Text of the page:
"Everybody in health care is trying to reduce readmissions, but those who are the most successful are those that are collaborating with other organizations. When the payer, the hospital, and the primary care provider come together, they are able to make a program happen," he says.
It's a win-win situation for everyone, Panneton says.
"Hospitals have an interest in reducing readmissions because they aren't going to get paid. The visiting nurse agencies are anxious to get more business. The providers are willing to participate because we are giving them extra reimbursement for seeing patients within seven days of discharge," he says.
Capital District Physicians' Health Plan was started 26 years ago by a community of physicians in the greater Albany area, according to Kevin Mowll, vice president of Medicare products.
The health plan has about 25,500 members enrolled in its Medicare Choice program, a Medicare Advantage plan. The figure includes about 8,000 retirees who are part of an employer group, Mowll says.
CDPHP expanded its Medicare case management program when Panneton, a physician with years of experience in geriatric medicine, came on board in June 2008.
"At the time, we had only one case manager dedicated to our Medicare population. As the membership has grown, we have expanded the program and now have six case managers dedicated to Medicare beneficiaries," Panneton says.
The health plan created the CDPHP Health Ally program, a voluntary case management program for the health plan's Medicare Choice members and their caregivers, Panneton says.
The program was developed specifically for the Medicare population and takes into account the unique needs of that population and provides support, education, access to the health plan's benefits, and community-based services, he adds.
The health plan makes three outreach calls to Medicare Choice members shortly after their enrollment.
When members enroll in Medicare Choice, they receive a verification call from the health plan's outreach staff to make sure they understand the plan. When they become eligible, the outreach staff call again to walk them through the benefits and ensure that they understand what benefits are available to them, Mowll says.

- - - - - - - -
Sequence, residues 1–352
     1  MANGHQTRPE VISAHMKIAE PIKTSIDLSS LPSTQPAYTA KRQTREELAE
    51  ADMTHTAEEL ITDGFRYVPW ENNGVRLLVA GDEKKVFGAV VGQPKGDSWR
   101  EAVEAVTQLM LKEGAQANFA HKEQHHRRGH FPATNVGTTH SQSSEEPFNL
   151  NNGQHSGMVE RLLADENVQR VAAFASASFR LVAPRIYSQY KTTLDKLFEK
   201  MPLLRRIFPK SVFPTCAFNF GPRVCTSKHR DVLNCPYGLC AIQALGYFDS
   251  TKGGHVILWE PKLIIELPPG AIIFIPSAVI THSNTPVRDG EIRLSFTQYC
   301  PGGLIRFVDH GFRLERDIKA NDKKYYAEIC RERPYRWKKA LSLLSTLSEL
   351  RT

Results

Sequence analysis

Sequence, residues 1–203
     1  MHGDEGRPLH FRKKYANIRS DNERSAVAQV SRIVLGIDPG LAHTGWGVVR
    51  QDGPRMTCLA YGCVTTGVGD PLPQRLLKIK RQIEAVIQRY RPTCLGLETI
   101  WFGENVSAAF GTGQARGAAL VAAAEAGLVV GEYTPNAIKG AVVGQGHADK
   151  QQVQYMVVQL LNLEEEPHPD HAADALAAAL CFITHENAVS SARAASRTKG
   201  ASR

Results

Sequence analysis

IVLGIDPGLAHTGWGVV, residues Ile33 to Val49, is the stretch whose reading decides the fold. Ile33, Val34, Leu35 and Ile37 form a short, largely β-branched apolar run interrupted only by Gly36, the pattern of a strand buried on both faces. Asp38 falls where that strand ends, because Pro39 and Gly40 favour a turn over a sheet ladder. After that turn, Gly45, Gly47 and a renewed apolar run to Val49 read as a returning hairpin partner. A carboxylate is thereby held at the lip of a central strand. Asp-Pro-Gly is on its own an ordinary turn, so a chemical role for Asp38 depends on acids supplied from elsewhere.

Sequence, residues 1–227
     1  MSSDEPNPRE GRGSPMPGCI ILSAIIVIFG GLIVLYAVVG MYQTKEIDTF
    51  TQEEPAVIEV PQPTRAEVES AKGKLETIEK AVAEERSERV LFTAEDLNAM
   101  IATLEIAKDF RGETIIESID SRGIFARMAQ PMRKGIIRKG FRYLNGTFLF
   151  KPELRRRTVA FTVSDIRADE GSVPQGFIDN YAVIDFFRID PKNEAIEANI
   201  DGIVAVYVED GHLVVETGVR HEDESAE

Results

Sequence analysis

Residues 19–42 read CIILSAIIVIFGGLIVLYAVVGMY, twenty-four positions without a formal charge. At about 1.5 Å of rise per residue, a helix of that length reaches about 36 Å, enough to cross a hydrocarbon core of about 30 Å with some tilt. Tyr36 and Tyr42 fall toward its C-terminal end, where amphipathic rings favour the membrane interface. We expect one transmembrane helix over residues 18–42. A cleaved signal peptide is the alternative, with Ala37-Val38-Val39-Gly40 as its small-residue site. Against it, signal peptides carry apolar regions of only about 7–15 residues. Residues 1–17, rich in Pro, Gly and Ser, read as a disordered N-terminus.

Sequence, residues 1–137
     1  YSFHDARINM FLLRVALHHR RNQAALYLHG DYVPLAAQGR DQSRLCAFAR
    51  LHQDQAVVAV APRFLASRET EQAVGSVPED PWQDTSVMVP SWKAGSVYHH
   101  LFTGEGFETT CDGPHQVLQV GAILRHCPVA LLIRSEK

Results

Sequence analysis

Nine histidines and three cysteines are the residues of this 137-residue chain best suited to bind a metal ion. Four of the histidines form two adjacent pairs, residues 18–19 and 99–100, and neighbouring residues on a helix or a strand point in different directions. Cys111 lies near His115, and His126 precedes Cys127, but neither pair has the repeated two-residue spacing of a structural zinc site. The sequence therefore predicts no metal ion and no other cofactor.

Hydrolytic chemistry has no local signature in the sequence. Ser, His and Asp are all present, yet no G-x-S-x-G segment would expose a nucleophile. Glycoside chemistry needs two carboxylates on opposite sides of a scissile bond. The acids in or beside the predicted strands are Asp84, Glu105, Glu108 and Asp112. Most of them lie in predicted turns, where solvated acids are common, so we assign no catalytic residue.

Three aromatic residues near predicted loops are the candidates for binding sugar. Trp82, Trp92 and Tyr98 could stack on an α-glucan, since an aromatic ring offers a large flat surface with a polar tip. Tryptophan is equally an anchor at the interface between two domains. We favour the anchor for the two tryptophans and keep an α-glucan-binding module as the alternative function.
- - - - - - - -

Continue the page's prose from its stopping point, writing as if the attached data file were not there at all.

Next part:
The third welcome call is from a case manager who completes an assessment that stratifies the members into three groups based on their likelihood of using health care services, Panneton adds.
"Our Health Ally program is designed to touch all new Medicare members by the telephone and to conduct a brief health survey," Panneton says.
Based on their response to the health survey and probability of needing health care resources, the members are referred to health plan programs that can meet their needs.
Members who are fairly healthy are referred to the health plan's SeniorFit program, a free health, exercise, and wellness program for older adults.
Seniors with one or two chronic diseases, such as a diabetic with hypertension, are referred to disease management, where they receive education on their chronic condition and how to keep it under control and are encouraged to see their physician regularly.
About 5% to 10% of beneficiaries in the program are among the most frail and sick members and are assigned a case manager who contacts them regularly and offers support and counseling and helps them find resources to meet their needs.
"Our case management program has grown significantly, and our Health Ally program has helped us stratify the members and help them get the services they need," Panneton says.
The advantage of the Health Ally program is that CDPHP is able to identify the needs of members without waiting for claims data, Panneton point out.
"If we wait for claims to come in, we are always three to four months behind. Our program helps us find out more about the membership when they enroll and start working with them to help them avoid unnecessary hospitalizations and emergency room visits. Our case managers work with our members to help them keep their conditions under control and educate them so they can make informed decisions," he says.
"The Health Ally program was a big strategic move to meet the challenge of finding out more about the membership so we can take a proactive approach to help them manage their health care," he says.